Wednesday, May 20, 2009, posted by Q6 at 5:19 AM
In the last eight months or so we've seen three major advertising promotions go south; and while I'm glad I don't have to spend good money and creativity on campaigns designed to get people to buy stuff they really don't need, I think there are two very important, very valuable lessons to be learned.

Last November is was Dr. Pepper, a company which pledged to give out free drinks if Guns N Roses finished its Chinese Democracy album by a certain date. They finished it, and Dr. Pepper almost finished themselves by trying to provide coupons online--customers crashed their servers all day long and became irate when they couldn't get their free Drs. Pepper. Back in February Denny's decided to give away free Grand Slam breakfasts (for reasons about which I was never entirely clear), resulting in around-the-block lines at thousands of restaurants--lines in which some patrons were content to wait in the rain for hours while others screamed like the impatient maniacs they are. Finally, KFC decided to introduce its new grilled chicken with Internet coupons and an "Oprah" tie-in; of course, the "valid" coupons were subject to mass photocopying and the flooded chain stores had to shut the entire promotion down by midday. (Writer's note: For what it's worth, I stopped eating at Denny's years ago, I eat at KFC occasionally, and I drink enough Dr. Pepper to keep them in business.)

There are those who read these stories, shake their heads, and say, "Well, you get what you pay for." As I re-read my blog post from earlier this week, it occurred to me that I left one other suggestion off the list: do away completely with all giveaways, coupons, and free deals. Quite frankly, it's all putting us in the wrong frame of mind. See, I read these giveaway disasters and say, "Well, pay for what you get."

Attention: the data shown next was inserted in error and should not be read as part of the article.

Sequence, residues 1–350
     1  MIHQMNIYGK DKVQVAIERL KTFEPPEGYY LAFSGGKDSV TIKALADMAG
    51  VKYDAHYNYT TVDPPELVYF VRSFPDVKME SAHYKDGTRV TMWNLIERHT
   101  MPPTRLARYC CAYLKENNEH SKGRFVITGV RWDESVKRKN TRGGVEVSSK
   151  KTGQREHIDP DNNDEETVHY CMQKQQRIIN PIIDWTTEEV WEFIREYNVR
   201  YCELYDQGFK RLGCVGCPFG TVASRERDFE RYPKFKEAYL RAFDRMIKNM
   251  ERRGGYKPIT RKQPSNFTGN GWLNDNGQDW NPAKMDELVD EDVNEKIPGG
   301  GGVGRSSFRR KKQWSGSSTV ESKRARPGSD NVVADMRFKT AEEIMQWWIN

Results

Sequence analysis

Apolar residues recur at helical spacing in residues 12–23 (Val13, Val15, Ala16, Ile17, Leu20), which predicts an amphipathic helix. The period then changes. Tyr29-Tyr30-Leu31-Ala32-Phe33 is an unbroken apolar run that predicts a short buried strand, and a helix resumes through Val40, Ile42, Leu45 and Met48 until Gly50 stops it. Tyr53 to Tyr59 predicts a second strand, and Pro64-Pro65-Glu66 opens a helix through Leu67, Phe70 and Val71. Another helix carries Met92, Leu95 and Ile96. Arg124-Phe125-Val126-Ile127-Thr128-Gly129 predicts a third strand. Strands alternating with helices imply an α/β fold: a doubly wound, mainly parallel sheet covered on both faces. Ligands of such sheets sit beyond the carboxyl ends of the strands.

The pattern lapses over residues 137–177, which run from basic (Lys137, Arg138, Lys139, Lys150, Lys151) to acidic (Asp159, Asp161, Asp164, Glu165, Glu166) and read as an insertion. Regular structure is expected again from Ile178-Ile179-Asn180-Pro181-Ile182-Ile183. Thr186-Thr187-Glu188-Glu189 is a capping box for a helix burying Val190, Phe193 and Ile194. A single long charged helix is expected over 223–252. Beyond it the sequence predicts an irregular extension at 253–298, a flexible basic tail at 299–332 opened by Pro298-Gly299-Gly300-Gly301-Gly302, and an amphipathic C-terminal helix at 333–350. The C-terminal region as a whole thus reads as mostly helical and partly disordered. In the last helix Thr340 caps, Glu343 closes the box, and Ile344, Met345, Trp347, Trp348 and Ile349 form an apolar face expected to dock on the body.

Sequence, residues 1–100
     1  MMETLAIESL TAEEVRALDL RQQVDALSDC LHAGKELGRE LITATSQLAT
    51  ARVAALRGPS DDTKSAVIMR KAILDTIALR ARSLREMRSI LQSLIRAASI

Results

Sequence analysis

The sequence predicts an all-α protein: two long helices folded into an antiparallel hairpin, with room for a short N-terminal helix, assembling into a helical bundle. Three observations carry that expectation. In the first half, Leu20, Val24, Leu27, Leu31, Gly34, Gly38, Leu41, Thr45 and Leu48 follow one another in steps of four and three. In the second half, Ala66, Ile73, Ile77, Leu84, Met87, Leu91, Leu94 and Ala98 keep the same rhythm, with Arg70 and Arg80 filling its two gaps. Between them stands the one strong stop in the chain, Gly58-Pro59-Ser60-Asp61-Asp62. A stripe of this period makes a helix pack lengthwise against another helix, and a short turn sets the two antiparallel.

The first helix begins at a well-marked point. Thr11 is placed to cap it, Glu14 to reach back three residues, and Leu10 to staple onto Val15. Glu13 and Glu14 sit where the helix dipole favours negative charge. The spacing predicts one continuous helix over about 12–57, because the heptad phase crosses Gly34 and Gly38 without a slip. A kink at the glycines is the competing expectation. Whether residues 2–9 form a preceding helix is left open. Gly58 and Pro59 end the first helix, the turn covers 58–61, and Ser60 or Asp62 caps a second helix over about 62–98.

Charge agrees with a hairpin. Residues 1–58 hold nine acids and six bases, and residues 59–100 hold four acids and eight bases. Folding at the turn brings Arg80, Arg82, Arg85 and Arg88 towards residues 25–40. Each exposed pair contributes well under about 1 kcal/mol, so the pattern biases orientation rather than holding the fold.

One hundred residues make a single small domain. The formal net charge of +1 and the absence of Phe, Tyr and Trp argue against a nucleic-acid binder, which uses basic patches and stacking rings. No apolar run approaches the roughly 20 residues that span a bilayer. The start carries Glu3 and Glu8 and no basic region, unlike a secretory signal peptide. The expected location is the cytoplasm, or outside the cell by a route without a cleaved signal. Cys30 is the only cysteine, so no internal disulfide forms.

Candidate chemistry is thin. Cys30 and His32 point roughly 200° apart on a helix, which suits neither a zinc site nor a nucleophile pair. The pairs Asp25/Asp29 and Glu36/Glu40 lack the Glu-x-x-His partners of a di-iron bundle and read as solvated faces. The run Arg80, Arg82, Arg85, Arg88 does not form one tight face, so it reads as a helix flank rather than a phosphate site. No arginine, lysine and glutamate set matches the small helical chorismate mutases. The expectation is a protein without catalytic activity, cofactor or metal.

I've never been a big fan of giveaways and coupons, and I genuinely believe that people should be adequately compensated for goods and services; at a very basic level, it's what keeps the economy going. I'm not even a big fan of receiving gifts on birthdays or at Christmastime, mostly because it's the same as getting something for nothing (I often tell people with regard to my birthday: "It happened a long time ago, and I didn't really do much but show up and complain a lot, so why shower me with gifts?"*). I've never had a problem with paying for the things that I get, or with turning away a "deal" that isn't fair.

The first lesson we learn from these failed promotions is that they have their drawbacks. In these cases, specifically, you've got bad publicity and some people walking away upset with these businesses. Clearly, backfires can occur.

The second and more important lesson is that people have come to believe that they deserve something for free; moreover, this whole "Do less, get more" mentality becomes more ingrained with each additional promotion or giveaway. Just look at how angry people get when the promotion ends, or dies, or takes too long, and you can see just how addicted they've become to getting something for nothing. The real problem, though, is how that mentality has spread to areas in which it has no place: welfare, sub-prime mortgages, and zero-down car leases to name a few. The whole system has consequently been thrown into imbalance, and the economic crisis now sitting before us is the result. WE'VE MADE IT TOO EASY TO BUY PURCHASE AND OBTAIN THINGS. It used to be more difficult; it used to be that you had to save up to purchase something you wanted. If you couldn't afford it, you had to wait--and if you wanted it, you had to pay for it. That seems all gone now. (Take, as examples, my quest for a Kindle, or my outside patio, or my hardwood stairwell: I could buy these things right now and just slap them on plastic--but I'm better off if I work hard, save up, and spend wisely, just like my mommy taught me.)